Four professors from the University of Michigan are preparing to receive honors at the 2020 American Chemical Society (ACS) meetings this spring and fall. The ACS announced its national award winners for this year last August.

"One professor winning a national award would be an outstanding achievement. It is quite remarkable to have four professors win in one year,” says Chemistry Department Chair Robert Kennedy.  "It attests to the breadth and depth of research in the department and the hard work of our professors and students.”  

Charles Brooks III received the ACS Award for Computers in Chemical & Pharmaceutical Research which includes $5000 and a certificate. A current Brooks’s lab project aids in rapid drug discovery, using computers to quickly identify new molecules with medical potential. Another project on constant pH molecular dynamics simulates the motion of proteins with many different protonation states.

Dr. Brooks credits being positioned to receive this award to his incredible students and younger colleagues. “They demonstrate for me the vigor and boundless enthusiasm for scientific exploration that I want to keep as part of my own core practice,” he says.

Mark Meyerhoff received the ACS Analytical Chemistry award, also consisting of $5000 and a certificate. Of late, Dr. Meyerhoff has been developing novel biomedical devices to slowly release nitric oxide (NO) gas. The slow release of NO can prevent clotting around an intravenous sensor, which can throw off measurements of blood components like CO2 or glucose. His work is even applied to prevent dangerous blood clots from forming around the tools of open-heart surgery. He says he’s particularly honored to win this award since the last University of Michigan winner was Dr. Phillip Erving, the namesake of his professorship. Like Dr. Brooks, Dr. Meyerhoff emphasizes the importance of his students in being positioned to receive this award. He plans to hold a dinner with his former graduates and post docs at the ACS spring meeting this year to celebrate.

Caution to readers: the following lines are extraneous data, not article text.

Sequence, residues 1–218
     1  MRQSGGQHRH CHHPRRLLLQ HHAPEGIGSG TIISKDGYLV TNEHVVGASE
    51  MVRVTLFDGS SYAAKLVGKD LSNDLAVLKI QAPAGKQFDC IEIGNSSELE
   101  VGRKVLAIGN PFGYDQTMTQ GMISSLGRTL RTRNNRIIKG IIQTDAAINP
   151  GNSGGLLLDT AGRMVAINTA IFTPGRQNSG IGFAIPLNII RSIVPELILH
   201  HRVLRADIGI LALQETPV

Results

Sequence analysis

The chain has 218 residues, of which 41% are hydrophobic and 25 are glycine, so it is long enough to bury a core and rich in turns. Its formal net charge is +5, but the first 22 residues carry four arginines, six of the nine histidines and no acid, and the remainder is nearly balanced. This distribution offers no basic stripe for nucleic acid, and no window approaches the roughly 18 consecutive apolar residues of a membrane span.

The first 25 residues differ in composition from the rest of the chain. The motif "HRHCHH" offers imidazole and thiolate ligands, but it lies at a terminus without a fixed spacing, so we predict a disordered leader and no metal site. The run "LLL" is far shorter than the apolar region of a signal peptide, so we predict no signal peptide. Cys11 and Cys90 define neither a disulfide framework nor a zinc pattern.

Corinna Schindler was awarded the ACS national award for pure chemistry in recognition of her outstanding achievements during the first five years of her career. Her work is in synthetic organic and organometallic chemistry. Specifically, her group creates biologically active molecules using earth abundant metals and investigates the biological activity of these molecules. The award for pure chemistry is supported by the Alpha Chi Sigma fraternity and includes a $5000 prize to continue her work.

Corey Stephenson was named an Arthur C. Cope scholar. This award recognizes outstanding achievements in organic chemistry. Dr. Stephenson will receive $5000 and a certificate along with another grant to help him continue his research in photoredox catalysis, methods that increase the productivity of chemical reactions while generating less waste using light.

Dr. Schindler, Dr. Meyerhoff, and Dr. Brooks will be honored at an awards ceremony at the Spring ACS national meeting in Philadelphia. Dr. Stephenson will be honored next August in San Francisco at the Fall ACS national meeting.

The ACS National awards were created to “encourage the advancement of chemistry in all its branches, to support research in chemical science and industry, and to promote the careers of chemists.”